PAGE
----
Don’t get me wrong, I tend to like flying by the seat of my pants in most cases in life, but weekly dinner it turns out is not one of those cases. When I was living by myself, I gave no shits about planning. All I had to please was myself, and hell, I could subsist on the same meal for days at a time if it was a good meal.
Britt, though, likes a bit more variety. So, coming home from work everyday, I’m thinking, “Shitshitshit, what do we have to make for dinner? Salmon. Cool. Wait, no, we had that a few days ago. Stir fry? No. That was Monday.” You get the picture.
So, this is relieving some stress, which is unexpected. I thought it’d add stress: every weekend having to plan what we’re going to have, having to take stock and go grocery shopping for what we’ll need. Too much structure.
But nope. It’s actually the opposite. Who’d've thought? (The answer is, “Probably everyone but me.”)
Anyway, here’s the coming week in food. Nothing too snazzy. You might recognize the Cheater’s Gumbo from its February debut here at PIIYF.
Monday: Red peppers stuffed w/ couscous, veggies, and goat cheese
Tuesday: Taco bowls w/ ground turkey (using rice as the base, not tortillas)
Wednesday: Possible pitch-in w/ friends, if not defaulting to a healthy frozen pizza
Thursday: Cheater’s Gumbo using leftover rice from Tuesday
Friday: White Chicken Chili
Awesome Life Update
Yesterday, I made the unexpected purchase of a new (to me) bike: a Raleigh Port Townsend. I’ve been riding my Swobo Sanchez for the past 4 years now, and while it’s a fast, slick, trusty bike, I’m not racing alleycats and zipping around downtown anymore. I’ve grown out of that, it seems, and of late, I’ve been wanting something more adapted to simple, everyday commuting. Enter this beauty:
I found her on consignment at Bicycle Exchange, a rad new’ish bike shop here in south Broad Ripple. I’ve been saving up to buy a Port Townsend new, so when I saw this, I jumped on it. The previous owner is evidently the lead wrench at Performance Bike, and it’s obvious. It’s in great shape, and even has some upgraded parts like some slick Nitto touring bars, a Forte cutaway saddle, upgraded wheels, etc.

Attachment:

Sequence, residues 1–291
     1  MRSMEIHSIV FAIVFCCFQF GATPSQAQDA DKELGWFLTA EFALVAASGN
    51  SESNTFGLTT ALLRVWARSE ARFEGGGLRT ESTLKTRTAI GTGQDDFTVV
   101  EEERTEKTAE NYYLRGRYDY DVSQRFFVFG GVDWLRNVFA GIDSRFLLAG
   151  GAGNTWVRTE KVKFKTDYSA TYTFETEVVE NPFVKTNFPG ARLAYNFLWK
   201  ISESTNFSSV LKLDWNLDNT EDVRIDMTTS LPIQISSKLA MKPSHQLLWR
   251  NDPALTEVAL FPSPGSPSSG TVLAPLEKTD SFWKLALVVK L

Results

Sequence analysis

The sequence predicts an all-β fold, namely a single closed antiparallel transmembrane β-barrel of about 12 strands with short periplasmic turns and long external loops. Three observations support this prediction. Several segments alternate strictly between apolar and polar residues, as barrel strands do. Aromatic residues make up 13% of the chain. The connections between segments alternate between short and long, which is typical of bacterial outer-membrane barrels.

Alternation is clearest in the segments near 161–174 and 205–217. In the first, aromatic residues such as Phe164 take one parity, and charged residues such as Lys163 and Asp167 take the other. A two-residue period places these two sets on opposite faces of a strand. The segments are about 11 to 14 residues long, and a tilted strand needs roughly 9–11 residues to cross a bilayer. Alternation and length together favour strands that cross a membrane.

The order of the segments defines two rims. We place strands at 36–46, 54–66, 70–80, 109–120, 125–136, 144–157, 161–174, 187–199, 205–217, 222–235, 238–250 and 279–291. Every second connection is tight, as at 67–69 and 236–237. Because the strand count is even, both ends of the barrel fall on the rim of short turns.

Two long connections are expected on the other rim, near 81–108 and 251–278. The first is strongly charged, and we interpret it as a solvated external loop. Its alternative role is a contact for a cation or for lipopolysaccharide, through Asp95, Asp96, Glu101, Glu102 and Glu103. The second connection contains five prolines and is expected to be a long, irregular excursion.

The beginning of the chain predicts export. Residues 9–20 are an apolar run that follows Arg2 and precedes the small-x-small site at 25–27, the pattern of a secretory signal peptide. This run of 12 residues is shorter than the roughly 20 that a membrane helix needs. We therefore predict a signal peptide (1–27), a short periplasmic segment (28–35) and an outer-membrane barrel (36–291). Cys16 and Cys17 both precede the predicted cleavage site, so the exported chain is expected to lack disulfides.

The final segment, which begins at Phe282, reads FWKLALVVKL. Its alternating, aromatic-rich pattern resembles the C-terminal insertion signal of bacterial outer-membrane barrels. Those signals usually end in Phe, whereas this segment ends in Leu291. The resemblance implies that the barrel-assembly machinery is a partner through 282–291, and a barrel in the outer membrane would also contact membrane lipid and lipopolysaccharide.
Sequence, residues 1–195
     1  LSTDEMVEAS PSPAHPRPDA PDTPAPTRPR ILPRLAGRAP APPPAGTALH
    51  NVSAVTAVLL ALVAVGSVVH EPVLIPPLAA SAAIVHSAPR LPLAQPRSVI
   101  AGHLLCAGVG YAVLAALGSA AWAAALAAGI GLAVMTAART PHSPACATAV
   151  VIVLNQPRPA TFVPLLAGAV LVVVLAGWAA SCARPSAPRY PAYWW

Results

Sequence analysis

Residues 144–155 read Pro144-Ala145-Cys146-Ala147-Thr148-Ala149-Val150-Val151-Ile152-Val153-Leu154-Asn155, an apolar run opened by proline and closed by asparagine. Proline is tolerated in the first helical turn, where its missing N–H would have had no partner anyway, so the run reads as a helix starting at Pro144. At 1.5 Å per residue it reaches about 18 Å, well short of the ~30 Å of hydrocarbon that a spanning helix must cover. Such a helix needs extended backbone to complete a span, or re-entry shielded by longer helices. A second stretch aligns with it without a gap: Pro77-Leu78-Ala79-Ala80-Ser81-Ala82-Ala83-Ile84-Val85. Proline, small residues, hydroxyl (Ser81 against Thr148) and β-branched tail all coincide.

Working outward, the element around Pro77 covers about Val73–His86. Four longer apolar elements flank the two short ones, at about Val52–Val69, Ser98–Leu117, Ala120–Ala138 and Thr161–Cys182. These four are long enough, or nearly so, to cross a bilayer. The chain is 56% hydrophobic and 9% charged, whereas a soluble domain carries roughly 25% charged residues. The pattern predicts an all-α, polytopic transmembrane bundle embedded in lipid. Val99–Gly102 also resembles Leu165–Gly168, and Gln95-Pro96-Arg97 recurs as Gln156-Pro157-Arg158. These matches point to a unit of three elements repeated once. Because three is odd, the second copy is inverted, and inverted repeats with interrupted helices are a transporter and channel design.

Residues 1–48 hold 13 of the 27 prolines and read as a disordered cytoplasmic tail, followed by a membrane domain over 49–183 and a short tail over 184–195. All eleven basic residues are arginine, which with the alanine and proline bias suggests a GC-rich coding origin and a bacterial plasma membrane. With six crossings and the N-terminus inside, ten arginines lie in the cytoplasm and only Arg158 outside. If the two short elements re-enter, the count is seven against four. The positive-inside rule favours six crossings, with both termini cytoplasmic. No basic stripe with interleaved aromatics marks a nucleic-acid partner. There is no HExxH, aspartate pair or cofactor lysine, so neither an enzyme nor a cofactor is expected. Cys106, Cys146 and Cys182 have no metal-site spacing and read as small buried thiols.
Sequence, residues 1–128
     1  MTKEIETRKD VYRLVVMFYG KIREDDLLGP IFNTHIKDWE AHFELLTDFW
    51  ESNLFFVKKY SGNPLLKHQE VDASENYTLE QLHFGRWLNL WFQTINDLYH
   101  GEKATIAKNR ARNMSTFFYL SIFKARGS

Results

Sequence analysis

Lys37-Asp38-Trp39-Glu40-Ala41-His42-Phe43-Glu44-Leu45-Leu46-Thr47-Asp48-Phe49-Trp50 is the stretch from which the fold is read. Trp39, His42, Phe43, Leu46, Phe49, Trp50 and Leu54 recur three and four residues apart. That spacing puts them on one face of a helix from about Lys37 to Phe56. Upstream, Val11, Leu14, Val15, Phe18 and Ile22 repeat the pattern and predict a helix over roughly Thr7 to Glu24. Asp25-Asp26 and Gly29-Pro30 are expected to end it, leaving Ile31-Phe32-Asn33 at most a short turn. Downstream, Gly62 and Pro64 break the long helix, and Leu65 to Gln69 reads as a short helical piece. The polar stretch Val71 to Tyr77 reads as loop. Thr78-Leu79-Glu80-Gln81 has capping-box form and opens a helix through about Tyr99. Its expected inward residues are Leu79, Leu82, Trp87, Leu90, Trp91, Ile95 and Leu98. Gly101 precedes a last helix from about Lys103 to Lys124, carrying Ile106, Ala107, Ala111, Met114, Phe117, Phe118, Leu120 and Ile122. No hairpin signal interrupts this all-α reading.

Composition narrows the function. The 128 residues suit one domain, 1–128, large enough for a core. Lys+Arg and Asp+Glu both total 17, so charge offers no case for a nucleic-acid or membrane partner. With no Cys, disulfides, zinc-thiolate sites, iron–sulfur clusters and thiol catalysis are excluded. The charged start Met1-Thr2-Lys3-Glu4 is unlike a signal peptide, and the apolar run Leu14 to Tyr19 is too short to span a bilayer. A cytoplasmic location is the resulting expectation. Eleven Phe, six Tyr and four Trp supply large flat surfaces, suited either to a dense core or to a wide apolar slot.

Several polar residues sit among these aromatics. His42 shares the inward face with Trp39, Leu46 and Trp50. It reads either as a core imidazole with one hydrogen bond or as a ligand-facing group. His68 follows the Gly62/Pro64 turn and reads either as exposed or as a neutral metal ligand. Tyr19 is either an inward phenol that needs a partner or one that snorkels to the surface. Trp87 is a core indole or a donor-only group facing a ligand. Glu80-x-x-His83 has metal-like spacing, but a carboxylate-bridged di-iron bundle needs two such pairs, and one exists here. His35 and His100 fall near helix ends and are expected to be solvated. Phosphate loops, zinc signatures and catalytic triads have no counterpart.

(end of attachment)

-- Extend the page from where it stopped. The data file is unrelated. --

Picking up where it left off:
I’ve already installed a rear rack on it, and snagged some panniers to haul all my crap around. I can’t wait to go grocery shopping on this baby.
April 19, 2012 § 2 Comments
My wife still has friends from elementary school, friends she keeps in regular touch with. Like, we just had dinner with a few of them last week so one of them could spring on us a grainy photo of what looked like a peanut growing in her belly. I don’t even understand it (how she’s maintained these friendships for so long, not pregnancy, though I often fail to understand pregnancy, too.).
These friends of hers, they were a trifecta, and they had names for each other: Boof, Chow, and Wong, respectively. My wife was Boof.
This is a huge digression. I wanted to talk about peanuts. Not the kind that grows in bellies, because there are laws against cooking those. At least, I think there are. I hope there are.
Peanut sauce was one of the greatest inventions of Thai-kind. You can put the stuff on next-to-anything and it’ll be immediately better than it was before. It’s like ketchup, but better, which is weird. In this recipe, I cheat. I’ll admit it. I use a pre-made sauce, all Sandra Lee style, and I hate that bish as much as you do (except my friend L who for some reason loves her Halloween specials), but when I’m just trying to get down with the get down and put something in my face, a sauce in a bottle works just fine. But if you insist on being bougie about it, fine. This peanut sauce recipe looks pretty legit.
So let’s get it on.
|What You’ll Need||How Much|
|Udon noodles||8 oz|
|Asian stir fry oil||2 T|
|boneless, skinless chicken breast, chopped into thin strips||1 breast|
|red bell pepper, chopped||1 c|
|Crimini mushrooms||1 c|
|carrot, julienned||1/2 c|
|broccoli, chopped||1 c|
|onion, chopped or diced (optional)||1/2 onion|
|peanut sauce (bottled is fine, haters gonna hate)||1/4-1/2c|
What You’ll Do
1) Mise en place. Seriously. Do it. This is a stir fry. Get your shit together. This includes boiling the udon noodles according to the instructions on the package.
2) Heat a wok over medium-high. Add the Asian stir fry oil. Take a second to nurse the aroma boner you get when that infused gingery smell hits your nose.
3) Add the chicken. Stir like a mad (wo)man until the very surface of the chicken has begun to looked cooked.
4) Add the red pepper, broccoli, mushrooms, carrots, and onion.
5) Stir, stir, stir. Seriously, if you let those things sit on that heat for longer than a few seconds without stirring, I will smack your mouth. Stir fry for 3-5 minutes, or until chicken is just done. You’ll probably be 2nd-guessing whether you’ll get salmonella, but you won’t (I’m legally obligated here to say that you assume all risk of eating undercooked meat, and don’t ride a bike without a helmet).